My oldest started Singapore in 5th grade. He tested into 2b which I was told was normal for a child who had not been doing Singapore math. He did 2b-5b from beginning of 5th grade until last week. He is now a 7th grader. We have moved on to Saxon this week. I had wanted to start Saxon at the beginning of (or as close to possible) this school year, but we did not. When calling the MFW office when we started Singapore, I was told to have him work an hour a day every day in math his 5th grade year and then 1.5 hours a day every day in math in 6th. This would put him finishing 6b before 7th grade. My ds worked hard, but I can't say we followed their recommendation exactly as he was completely burned out in every subject but especially math before switching to MFW (and Singapore). He did work into the summer this past summer. We did take some time off for camps and such, but he did do math summer school. However, he only finished through 5b before starting Saxon. MFW's recommendation is to finish through at least 5b before 7th grade.

Just some thoughts...If you feel that you should switch to Singapore, have your dd take the placement test available on the MFW website under math. See where she tests. Don't be discouraged if she tests at a lower level. Then call the MFW office with any concerns you may have. They were absolutely great and very helpful over the phone with me in talking me through a plan for my ds. Even just this past summer, I called freaking out because my ds was not going to be finished with 5b when starting the new year. I thought we would be soooo behind. Mr. Hazell called me back and talked with me. He gave me good advice and encouragement - encouragement that both my ds and I needed.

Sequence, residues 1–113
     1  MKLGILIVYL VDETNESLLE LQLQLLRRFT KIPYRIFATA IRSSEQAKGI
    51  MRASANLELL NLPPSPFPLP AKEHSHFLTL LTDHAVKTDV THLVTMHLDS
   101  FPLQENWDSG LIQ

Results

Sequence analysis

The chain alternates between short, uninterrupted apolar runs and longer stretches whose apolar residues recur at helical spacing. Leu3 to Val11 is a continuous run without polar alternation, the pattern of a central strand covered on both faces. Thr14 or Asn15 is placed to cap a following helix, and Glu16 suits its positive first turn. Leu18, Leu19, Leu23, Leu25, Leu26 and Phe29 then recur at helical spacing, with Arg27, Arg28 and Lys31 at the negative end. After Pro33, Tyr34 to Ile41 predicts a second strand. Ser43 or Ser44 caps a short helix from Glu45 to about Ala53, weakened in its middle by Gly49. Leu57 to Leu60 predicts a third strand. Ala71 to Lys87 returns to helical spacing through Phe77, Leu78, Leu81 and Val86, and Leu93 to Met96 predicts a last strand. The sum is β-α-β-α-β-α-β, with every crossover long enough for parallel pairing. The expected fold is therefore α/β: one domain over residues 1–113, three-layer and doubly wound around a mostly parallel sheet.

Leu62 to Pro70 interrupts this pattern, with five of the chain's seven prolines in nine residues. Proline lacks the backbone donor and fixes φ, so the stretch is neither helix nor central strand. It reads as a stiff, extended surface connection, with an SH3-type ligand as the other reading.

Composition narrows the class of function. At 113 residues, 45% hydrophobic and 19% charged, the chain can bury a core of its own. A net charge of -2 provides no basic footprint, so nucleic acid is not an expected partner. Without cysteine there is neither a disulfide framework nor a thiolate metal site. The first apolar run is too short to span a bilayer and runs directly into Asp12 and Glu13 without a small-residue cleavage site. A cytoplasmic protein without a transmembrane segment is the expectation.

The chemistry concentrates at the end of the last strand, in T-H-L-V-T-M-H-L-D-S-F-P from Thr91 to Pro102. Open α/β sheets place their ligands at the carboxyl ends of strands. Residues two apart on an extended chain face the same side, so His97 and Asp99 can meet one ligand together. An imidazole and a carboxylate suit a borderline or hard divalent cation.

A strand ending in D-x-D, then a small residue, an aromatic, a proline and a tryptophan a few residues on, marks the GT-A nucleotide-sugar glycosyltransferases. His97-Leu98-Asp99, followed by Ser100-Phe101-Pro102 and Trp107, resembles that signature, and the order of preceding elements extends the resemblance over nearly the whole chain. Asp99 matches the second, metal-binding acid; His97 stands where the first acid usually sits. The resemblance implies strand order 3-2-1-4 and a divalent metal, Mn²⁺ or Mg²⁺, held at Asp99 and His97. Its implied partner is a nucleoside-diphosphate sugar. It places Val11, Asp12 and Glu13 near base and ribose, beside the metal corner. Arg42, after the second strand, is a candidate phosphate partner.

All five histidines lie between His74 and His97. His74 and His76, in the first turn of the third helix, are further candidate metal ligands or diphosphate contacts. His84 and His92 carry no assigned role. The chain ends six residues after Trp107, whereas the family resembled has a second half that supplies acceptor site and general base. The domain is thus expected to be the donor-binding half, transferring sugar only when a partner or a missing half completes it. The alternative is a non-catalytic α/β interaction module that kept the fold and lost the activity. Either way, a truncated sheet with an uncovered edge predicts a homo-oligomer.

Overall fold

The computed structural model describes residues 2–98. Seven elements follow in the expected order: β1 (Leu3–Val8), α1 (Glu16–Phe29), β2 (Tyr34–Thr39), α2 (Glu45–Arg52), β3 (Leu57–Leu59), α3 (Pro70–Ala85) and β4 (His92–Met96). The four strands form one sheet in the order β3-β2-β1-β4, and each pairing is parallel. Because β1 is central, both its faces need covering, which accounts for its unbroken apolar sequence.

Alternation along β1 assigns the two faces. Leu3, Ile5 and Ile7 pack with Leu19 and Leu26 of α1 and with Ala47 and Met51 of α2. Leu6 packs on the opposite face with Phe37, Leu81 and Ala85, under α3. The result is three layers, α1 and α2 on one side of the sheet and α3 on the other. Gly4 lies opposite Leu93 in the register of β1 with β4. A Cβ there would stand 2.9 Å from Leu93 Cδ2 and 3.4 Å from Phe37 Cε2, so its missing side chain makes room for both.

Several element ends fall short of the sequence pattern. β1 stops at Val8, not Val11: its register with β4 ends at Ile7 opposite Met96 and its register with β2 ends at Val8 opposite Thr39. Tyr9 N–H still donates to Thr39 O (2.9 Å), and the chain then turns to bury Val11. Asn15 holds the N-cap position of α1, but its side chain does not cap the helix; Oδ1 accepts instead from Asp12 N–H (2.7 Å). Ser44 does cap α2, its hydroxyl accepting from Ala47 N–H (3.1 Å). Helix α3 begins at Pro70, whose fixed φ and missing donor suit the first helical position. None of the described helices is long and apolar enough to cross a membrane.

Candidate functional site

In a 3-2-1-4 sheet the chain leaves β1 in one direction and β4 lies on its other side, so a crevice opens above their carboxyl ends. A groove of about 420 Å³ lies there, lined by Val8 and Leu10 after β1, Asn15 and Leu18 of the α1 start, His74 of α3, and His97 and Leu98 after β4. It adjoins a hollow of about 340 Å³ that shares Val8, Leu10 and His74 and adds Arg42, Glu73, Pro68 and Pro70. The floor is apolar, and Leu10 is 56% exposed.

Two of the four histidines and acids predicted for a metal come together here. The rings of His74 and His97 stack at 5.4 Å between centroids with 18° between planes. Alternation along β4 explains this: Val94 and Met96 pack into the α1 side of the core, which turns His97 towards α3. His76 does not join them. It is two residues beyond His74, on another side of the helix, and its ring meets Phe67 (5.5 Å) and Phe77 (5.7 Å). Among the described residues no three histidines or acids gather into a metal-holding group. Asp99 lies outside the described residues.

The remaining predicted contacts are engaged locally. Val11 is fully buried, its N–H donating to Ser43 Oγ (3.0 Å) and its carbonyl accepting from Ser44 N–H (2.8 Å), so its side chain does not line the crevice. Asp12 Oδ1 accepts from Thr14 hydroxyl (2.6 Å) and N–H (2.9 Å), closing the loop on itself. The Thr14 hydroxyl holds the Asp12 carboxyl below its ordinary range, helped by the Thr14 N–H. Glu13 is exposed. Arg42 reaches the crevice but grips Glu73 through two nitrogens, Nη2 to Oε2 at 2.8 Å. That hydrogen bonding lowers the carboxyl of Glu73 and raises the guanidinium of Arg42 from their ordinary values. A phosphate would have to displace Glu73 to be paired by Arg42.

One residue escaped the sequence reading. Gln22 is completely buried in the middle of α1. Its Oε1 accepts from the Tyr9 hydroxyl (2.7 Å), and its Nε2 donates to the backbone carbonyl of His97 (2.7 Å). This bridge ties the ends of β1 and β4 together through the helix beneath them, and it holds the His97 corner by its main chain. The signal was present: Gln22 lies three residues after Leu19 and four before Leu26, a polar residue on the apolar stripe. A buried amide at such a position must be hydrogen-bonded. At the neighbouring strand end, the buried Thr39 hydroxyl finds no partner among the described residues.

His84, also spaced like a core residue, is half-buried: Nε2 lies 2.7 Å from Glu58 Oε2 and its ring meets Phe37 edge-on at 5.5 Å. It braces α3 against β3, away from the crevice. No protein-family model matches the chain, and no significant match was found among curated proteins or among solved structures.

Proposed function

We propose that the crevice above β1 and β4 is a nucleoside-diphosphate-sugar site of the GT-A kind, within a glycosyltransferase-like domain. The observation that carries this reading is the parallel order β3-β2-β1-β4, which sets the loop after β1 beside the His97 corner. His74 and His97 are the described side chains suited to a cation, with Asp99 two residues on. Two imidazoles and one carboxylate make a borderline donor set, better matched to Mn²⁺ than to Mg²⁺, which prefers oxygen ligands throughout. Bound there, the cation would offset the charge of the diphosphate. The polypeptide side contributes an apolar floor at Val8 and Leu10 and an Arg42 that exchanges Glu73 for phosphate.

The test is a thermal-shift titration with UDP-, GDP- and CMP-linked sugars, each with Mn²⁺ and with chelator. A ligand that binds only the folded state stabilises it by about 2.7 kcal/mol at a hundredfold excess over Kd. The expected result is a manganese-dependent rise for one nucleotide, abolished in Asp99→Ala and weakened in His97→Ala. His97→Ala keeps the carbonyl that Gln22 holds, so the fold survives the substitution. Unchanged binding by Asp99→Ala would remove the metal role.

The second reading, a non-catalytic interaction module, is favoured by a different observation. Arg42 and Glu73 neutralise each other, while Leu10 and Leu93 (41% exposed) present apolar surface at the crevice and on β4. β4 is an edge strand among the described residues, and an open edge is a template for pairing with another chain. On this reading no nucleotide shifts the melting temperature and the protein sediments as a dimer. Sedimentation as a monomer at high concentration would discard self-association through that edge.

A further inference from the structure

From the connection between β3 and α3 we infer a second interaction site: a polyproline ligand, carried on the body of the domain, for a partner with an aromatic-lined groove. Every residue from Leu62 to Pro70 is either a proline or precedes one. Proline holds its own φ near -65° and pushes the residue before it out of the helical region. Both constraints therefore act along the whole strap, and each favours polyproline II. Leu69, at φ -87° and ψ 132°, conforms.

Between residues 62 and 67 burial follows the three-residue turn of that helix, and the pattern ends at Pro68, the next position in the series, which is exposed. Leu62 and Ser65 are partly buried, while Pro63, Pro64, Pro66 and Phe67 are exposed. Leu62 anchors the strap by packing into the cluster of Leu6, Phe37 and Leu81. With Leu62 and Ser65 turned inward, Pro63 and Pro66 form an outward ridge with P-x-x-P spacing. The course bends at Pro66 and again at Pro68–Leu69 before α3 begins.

I don't know if any of this helps. I just wanted to tell our story because we started Singapore in 5th grade and worked hard to get to the transition point into Saxon in 7th grade, and I feel it has been worth it. Your dd may test into a higher level of Singapore than my ds did, but I would start her wherever she tests. Call the MFW office and talk with them. They are very helpful and encouraging!

Amy C.

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Re: Too late to start Singapore?

Unread post by nikicole » Sat Nov 19, 2011 7:22 am

We took the singpore test at the beginning of this year and she tested into 4a. Of course I'd test her again if we chose to switch, so I suppose it wouldn't be too hard to get caught up for 7th grade.

I appreciate everyones responses! It is good to know that it has been done and worked out well for others.